This passage occurs as a New Testament Lesson in the RCL "Pentecost"/"Ordinary"/"Proper" Season, Year A, most recently September 2014.
Summary: Jesus seems to let us off the hook today, telling us we can treat sinning Christians like gentiles and tax collectors, as long as we've gone through the appeal court system. However, this is the worst news of all, because Jesus spends most of his time eating with tax collectors and even getting harassed for his association with them. In other words, Jesus doesn't give us permission to drop them, but rather instructs us to bear them, teach them and even get persecuted because we continue to care for them over and against their difficulties toward us. Yes, he does let us remove our heart strings a bit from them, but not our moral obligation. Hence why Jesus has to promise us his presence in the midst of conflict!
αδελφος (brother/sister; found throughout section) Earlier in Matthew's Gospel, he refers to his followers as his brothers and sisters (12:49). He is telling his disciples that in the church they are also brothers and sisters to one another.
εθνικος (pagan, gentile, literally "ethnic"; 18:17) Jesus suggests we treat Christians who have greatly sinned against us as gentiles. Interestingly, Jesus final words in the Gospel of Matthew instruct us to preach to the gentiles (all the nations of the world; same root word) and earlier Jesus reminds us to love our enemies, because even the gentiles to this. Jesus is not giving us permission to be rude and dismissive to our brothers and sisters in Jesus, even those whom we are angry with.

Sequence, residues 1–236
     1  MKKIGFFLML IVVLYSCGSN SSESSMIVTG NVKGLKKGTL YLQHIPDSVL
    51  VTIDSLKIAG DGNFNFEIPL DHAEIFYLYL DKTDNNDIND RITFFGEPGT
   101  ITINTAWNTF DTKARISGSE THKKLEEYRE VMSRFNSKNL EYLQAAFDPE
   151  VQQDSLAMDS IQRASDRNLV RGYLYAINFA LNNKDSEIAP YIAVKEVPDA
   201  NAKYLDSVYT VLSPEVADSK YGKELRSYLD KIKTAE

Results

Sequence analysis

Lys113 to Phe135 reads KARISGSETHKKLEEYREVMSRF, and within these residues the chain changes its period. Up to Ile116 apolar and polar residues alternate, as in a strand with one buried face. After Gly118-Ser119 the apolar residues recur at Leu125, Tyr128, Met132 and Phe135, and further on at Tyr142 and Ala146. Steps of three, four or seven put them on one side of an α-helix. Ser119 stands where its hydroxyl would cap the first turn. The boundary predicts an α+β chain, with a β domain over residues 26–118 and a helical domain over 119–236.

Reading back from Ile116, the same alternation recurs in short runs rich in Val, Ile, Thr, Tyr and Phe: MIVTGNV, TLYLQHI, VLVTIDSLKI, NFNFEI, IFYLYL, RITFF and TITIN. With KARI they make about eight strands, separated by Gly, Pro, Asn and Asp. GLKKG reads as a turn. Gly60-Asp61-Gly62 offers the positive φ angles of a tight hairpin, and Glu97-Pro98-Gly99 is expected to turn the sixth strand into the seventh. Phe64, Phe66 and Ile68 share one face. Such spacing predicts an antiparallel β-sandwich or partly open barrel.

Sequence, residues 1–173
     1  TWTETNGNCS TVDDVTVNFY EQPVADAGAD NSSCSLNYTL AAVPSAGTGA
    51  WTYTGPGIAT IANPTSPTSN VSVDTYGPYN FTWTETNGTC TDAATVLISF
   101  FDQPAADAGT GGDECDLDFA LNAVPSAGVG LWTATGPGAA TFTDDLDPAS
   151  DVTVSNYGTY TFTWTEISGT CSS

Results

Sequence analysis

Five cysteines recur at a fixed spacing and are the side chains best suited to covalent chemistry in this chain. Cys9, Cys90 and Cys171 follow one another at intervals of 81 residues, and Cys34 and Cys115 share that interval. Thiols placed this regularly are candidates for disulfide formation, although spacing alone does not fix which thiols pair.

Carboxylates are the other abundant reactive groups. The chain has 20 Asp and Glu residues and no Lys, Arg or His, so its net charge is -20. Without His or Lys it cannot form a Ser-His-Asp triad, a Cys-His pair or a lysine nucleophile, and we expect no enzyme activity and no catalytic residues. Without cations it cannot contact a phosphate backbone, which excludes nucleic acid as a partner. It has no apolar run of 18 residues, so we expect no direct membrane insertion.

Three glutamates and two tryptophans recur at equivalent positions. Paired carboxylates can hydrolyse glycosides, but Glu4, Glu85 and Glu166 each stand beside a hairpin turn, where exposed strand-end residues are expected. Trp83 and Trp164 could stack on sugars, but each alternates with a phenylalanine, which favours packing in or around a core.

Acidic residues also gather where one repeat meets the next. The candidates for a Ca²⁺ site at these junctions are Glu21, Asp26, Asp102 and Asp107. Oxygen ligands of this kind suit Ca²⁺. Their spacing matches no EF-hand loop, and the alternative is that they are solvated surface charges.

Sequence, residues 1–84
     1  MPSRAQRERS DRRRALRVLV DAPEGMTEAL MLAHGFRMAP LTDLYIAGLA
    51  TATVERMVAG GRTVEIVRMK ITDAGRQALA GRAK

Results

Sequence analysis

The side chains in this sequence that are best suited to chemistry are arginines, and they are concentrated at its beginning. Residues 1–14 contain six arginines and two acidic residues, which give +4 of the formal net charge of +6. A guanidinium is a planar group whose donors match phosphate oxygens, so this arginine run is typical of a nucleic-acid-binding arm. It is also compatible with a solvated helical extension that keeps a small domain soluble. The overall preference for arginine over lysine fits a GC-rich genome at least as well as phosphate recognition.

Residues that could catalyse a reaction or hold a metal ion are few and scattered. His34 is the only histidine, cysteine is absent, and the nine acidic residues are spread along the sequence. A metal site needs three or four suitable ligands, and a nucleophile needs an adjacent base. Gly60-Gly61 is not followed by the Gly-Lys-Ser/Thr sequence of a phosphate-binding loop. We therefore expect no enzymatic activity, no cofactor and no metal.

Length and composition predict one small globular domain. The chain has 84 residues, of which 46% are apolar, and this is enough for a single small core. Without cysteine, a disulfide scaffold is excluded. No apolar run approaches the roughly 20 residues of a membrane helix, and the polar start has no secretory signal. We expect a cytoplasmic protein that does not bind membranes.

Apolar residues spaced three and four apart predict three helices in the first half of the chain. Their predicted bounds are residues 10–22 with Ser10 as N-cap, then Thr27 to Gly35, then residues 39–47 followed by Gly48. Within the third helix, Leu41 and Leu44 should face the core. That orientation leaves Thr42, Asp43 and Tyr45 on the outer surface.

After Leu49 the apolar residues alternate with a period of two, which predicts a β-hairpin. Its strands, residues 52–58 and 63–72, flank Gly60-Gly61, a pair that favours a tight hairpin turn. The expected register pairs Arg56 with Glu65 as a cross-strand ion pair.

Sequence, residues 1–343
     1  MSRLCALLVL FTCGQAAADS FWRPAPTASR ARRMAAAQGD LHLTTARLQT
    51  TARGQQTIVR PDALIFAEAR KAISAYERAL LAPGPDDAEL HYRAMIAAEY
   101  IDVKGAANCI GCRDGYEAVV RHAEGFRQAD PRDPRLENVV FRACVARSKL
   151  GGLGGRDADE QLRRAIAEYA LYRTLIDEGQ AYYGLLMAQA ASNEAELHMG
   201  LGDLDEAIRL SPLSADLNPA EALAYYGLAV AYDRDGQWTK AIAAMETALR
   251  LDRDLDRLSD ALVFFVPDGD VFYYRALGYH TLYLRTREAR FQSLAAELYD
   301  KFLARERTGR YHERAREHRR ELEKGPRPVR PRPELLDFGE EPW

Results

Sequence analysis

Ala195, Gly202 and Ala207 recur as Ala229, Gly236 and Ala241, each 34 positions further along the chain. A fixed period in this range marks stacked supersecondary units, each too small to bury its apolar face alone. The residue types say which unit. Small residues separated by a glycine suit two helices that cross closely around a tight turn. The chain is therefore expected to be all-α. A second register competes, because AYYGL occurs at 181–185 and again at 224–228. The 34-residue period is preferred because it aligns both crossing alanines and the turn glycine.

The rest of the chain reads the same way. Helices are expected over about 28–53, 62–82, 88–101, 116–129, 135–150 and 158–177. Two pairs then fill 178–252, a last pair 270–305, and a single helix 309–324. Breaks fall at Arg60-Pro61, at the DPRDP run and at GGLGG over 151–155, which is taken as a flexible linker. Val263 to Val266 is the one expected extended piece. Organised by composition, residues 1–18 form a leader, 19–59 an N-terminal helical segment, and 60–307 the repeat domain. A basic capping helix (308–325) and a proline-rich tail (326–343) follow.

τελωνης ("tax collector"; 18:17) Jesus eats with tax collectors. He repeatedly takes heat for being seen with them. So considering someone a tax collector means something more like this: "Treat them in such a way that no one knows how much they anger and embarrass you, bearing your cross and thanking God for this opportunity to become a more patient and compassionate person."
συμφωνησωσιν ("agree" or "match", from συμφωνεω; 18:19) The actually meaning of this word is not that interesting. What is interesting is the derivation, "symphony" which means "together-sounds." Jesus says that if we make a symphony, God listens. Haha!
συνηγμενοι ("gathered"; passive perfect participle from "συναγω"; 18:20) This participle covers up a familiar word: synago, from which we get synagogue. The voice is significant here. We do not gather ourselves in the church, but rather are gathered God. Thus, we are moving from human action to God's promise. Also worth noting that Jesus promises his presence in the midst of the office of the keys and congregational conflict. The church is a gift, however human and sinful it can be!
Translation Issue: Hypothetical situations with εαν
Technically, this word is a combination of: ει αν, both of which are "subjunctive" markers. Put them together and you have a very hypothetical situation. If you have the word εαν, the writer/speaker is not specifying if this will actually happen. It means something like, "if" or perhaps "whenever." If is used in Greek to set up a simple phrase (so necessary for science), if-then. So in our text for this week, Jesus is not promising conflict; nor is he promising that people will not listen. He is simply saying, "If you experience this, well, then do this..."
Also worth noting: Every other verse in this section has an "if" clause, yet in 18:20 Jesus simply declares -- Where two or three are gathered, I am in the midst of you.